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Description

Large 18th Century English wall map of the Americas

Nice example of this fine 4-sheet map of America, based upon the most recent information and with extensive annotations.

The present state of the map is revised according to "Preliminaries of Peace" signed in Versailles on January 20, 1783, England's first formal recognition of the independence of the United States. Peace negotiations between British and American diplomats began in earnest in the fall of 1782. The preliminary articles of peace were signed by British and American representatives in late January 1783, but news of the event did not reach American shores until March 1783.

This is the 1794 edition, with the change in date reflecting the inheritance of Robert Sayer's firm by his employees Laurie and Whittle.

Sayer & Bennett's map is one of the earliest obtainable English language wall maps of all of America. It was periodically updated during the later part of the 18th Century, first to include the information and boundaries established at the conclusion of the French and Indian War, and later, after the American Revolution and the establishment of the United States.

The map provides a stark contrast between the known and unknown regions, with the eastern parts of North America quite well understood, whereas the mythical River of the West is still shown, seeking a continuous water course from the Atlantic to the Pacific.

The map also includes an excellent treatment of South America at the end of the Spanish Colonial empire, based in part on the recently published Cruz Cano y Olmedilla map of South America ( Mapa Geográfico De America Meridional . . .).

Laurie & Whittle Biography

Robert Laurie (ca. 1755-1836) and James Whittle (1757-1818) formed their Fleet Street, London-based firm upon the 1794 death of their employer Robert Sayer, himself one of the dominant print and mapmakers of the last half of the 18th century.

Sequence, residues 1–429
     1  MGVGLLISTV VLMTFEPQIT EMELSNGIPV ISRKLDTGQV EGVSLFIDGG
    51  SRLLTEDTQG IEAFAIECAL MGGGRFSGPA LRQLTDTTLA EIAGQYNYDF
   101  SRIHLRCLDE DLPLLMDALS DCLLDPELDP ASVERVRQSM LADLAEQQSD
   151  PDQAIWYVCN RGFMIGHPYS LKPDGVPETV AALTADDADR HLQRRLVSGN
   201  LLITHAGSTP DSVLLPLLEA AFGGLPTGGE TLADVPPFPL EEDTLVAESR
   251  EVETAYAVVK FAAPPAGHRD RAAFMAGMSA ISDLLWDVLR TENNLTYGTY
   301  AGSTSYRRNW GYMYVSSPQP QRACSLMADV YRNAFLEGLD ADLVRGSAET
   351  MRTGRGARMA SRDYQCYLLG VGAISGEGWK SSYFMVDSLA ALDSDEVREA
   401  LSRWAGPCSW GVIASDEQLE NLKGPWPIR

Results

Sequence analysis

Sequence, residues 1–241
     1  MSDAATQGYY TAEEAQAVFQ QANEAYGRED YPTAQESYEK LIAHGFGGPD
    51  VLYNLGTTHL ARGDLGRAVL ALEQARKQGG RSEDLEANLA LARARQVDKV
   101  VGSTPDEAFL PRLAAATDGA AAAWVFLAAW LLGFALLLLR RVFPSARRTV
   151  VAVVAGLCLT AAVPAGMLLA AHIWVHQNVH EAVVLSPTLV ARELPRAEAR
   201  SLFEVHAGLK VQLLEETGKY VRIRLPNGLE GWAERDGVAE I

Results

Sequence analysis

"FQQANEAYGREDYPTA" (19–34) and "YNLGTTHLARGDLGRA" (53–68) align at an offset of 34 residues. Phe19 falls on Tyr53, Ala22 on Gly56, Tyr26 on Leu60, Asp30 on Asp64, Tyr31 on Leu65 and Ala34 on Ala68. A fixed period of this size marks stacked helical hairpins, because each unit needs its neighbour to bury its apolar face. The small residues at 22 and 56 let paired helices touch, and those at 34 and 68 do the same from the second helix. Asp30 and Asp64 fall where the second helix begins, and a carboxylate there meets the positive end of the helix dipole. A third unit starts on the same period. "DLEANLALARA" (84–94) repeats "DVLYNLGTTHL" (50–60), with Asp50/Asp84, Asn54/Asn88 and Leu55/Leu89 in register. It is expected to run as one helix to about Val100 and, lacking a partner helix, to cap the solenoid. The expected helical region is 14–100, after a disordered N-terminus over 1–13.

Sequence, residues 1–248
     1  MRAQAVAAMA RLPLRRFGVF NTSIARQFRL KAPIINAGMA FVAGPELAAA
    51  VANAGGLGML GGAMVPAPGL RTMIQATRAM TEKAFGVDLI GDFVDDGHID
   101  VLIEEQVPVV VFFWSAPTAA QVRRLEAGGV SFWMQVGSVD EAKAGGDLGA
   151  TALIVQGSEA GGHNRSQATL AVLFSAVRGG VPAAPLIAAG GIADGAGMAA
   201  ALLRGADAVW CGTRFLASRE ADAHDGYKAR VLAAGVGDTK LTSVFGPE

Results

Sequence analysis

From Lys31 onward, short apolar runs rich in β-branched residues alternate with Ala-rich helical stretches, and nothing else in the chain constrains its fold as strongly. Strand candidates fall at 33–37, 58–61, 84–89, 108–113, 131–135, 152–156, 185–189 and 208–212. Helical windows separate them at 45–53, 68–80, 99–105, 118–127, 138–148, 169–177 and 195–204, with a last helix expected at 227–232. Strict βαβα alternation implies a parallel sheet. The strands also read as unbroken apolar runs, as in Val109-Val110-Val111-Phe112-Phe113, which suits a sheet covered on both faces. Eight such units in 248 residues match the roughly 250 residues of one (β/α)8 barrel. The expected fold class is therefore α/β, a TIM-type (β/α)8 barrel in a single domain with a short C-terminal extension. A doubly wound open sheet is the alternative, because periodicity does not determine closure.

Laurie & Whittle started managing Sayer's business as early as 1787. They took over all managerial duties when Sayer's health flagged in 1792, and they changed the imprint in 1794 upon his death. Sayer left the two a 21-year lease on the shop (at £100 a year) and on Sayer's Bolt Court premises, as well as an option to acquire stock and equipment at a preferential price of £5,000 payable over three years.

Robert Laurie retired from the firm in 1812, and his role was assumed by his son, Richard Holmes Laurie (1777-1858). The younger Laurie worked with James Whittle until the latter died in 1818. After R. H. Laurie died in 1858, Alexander George Findlay, FRGS (1812-1875) purchased the firm from his daughters. The firm continues today under another name, specializing in yachting charts.

Laurie & Whittle were prolific print and map publishers, and throughout their careers, they produced numerous very important and rare works. They carried on Robert Sayer's atlas business and were responsible for editions of The Complete East-India Pilot and The American Atlas.